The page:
An innovative biological process for the treatment of ammonium-rich plant recycle streams from the dewatering of anaerobically digested sludges ("centrate" or "rejection water") is being evaluated in North America in an unprecedented collaborative technology evaluation program between
the New York City Department of Environmental Protection, the District of Columbia Water and Sewer Authority and the Alexandria Sanitation Authority. The technology is being evaluated as part of a broader program to identify reliable, cost-effective technologies for total nitrogen removal. The
process consists of a single-sludge suspended growth sequencing batch reactor called DEMON®, which is operated with pH-controlled intermittent aeration to provide aerobic and anoxic/anaerobic periods for nitritation and anaerobic ammonium oxidation (ANAMMOX) reactions (the complete
process is referred to as "Deammonification"). The DEMON® process has been successfully implemented in full-scale facilities in Strass, Austria and Glarnerland, Switzerland; however, the collaborative project participants established a research program to understand the operating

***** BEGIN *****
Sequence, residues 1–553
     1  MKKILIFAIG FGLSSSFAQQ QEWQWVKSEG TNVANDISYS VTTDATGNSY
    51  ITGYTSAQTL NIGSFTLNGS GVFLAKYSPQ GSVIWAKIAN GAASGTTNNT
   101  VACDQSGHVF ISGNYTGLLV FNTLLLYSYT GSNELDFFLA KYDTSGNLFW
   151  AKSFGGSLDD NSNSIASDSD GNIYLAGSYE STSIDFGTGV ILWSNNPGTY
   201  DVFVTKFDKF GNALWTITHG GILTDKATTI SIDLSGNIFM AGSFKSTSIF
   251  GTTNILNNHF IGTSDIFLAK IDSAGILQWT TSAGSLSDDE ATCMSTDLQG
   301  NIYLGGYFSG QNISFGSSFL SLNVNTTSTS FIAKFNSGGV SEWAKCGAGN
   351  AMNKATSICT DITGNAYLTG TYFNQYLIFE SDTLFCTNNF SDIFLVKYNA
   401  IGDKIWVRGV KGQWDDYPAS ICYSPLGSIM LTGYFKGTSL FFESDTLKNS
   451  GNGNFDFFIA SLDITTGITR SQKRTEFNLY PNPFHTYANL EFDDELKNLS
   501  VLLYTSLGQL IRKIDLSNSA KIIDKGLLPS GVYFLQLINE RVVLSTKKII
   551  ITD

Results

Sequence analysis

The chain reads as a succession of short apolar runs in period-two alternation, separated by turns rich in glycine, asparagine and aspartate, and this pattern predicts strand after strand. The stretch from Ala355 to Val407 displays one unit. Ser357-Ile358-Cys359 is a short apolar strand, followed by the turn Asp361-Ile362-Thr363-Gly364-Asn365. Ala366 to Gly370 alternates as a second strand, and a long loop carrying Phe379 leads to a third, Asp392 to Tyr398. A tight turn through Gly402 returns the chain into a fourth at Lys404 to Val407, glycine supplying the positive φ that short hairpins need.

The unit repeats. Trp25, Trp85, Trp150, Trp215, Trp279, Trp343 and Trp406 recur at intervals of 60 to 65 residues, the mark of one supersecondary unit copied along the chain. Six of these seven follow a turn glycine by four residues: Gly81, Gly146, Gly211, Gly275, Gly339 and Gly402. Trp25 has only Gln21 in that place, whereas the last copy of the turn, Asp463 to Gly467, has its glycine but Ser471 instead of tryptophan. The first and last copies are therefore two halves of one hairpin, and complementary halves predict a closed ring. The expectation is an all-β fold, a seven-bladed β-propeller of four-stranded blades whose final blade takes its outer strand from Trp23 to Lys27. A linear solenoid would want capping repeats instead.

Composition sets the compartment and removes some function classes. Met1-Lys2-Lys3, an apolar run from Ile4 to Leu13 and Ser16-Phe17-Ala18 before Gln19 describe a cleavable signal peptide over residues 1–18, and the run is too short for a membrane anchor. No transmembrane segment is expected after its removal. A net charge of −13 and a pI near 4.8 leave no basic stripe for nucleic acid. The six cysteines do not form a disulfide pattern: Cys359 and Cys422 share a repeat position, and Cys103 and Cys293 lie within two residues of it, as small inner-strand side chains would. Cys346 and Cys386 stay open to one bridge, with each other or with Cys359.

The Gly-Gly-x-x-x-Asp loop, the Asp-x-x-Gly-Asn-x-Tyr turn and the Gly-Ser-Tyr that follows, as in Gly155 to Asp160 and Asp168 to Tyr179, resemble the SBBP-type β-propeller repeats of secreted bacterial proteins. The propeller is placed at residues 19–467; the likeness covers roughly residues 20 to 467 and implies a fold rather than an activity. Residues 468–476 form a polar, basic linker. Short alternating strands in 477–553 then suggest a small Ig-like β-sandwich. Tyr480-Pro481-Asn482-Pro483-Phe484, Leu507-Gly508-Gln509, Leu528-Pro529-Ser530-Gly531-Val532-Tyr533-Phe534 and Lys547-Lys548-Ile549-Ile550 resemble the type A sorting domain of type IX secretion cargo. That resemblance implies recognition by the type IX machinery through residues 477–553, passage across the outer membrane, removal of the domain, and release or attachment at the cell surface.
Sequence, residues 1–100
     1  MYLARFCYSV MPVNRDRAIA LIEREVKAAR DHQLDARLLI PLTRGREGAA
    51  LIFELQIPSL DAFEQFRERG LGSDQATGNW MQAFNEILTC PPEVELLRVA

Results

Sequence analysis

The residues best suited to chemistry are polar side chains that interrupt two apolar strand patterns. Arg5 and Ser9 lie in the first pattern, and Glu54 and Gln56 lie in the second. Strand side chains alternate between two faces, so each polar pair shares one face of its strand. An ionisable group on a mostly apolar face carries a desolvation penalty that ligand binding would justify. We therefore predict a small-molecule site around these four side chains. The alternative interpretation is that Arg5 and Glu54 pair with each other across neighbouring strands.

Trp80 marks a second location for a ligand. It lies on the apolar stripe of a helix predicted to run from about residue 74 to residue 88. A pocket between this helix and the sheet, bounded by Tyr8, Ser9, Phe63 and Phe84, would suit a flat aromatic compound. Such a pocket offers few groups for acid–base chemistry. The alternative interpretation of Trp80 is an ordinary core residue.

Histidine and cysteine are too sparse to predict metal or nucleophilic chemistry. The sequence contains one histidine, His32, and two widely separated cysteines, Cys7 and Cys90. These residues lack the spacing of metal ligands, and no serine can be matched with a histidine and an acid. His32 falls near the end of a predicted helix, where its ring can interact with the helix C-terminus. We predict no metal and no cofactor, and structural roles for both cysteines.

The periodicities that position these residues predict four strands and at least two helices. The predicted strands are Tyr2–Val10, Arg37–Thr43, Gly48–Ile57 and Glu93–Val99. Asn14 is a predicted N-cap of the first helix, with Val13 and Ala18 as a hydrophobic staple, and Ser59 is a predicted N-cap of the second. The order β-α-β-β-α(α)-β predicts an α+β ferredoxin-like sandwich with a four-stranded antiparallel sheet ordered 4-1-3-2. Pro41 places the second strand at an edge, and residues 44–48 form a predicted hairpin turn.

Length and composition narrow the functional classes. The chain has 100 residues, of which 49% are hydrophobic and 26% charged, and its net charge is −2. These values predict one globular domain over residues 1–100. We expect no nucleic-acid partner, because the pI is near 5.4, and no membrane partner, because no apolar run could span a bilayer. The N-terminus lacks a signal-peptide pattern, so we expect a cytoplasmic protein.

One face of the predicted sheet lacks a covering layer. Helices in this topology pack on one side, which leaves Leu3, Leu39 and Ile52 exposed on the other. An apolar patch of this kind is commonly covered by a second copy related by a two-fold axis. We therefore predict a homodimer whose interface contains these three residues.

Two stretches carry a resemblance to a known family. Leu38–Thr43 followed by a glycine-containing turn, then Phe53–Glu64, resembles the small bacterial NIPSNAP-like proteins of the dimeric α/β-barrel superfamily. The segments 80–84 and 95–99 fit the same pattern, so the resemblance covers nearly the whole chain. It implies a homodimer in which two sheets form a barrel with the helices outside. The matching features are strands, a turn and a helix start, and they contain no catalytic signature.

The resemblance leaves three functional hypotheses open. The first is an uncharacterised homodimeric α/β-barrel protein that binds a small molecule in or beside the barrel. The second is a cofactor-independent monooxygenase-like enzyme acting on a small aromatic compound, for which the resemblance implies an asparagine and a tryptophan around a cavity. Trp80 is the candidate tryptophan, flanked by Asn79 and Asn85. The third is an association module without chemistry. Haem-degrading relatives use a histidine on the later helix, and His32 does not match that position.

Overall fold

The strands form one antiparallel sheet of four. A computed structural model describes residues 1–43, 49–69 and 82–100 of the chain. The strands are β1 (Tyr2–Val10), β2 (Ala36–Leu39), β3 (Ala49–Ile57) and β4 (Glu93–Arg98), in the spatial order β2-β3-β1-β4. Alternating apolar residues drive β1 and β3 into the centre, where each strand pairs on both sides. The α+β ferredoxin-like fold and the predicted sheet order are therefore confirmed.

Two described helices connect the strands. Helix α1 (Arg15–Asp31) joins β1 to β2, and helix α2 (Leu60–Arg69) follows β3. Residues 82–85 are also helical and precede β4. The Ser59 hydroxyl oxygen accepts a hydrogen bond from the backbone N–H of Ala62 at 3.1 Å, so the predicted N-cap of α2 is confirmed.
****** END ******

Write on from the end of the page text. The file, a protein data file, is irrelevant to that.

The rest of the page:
conditions that contribute to the stability (or threaten the stability) of the process. Specifically, the focus of the work has been on operating ranges for dissolved oxygen, pH, pH bandwidth, temperature, nitrite concentration and the maximum ammonium-N loading rate. The results presented
in the paper are the product of one-and-a-half years of work by the collaborative research project participants and were assembled to provide the reader with the status of the DEMON® process development and operational characteristics of the process. This project will continue
into 2008 as further work is conducted on the defining procedures and/or technical options for recovering from operational upsets and accumulating a greater mass of anammox biomass for seeding larger systems for eventual full-scale implementation in North America.
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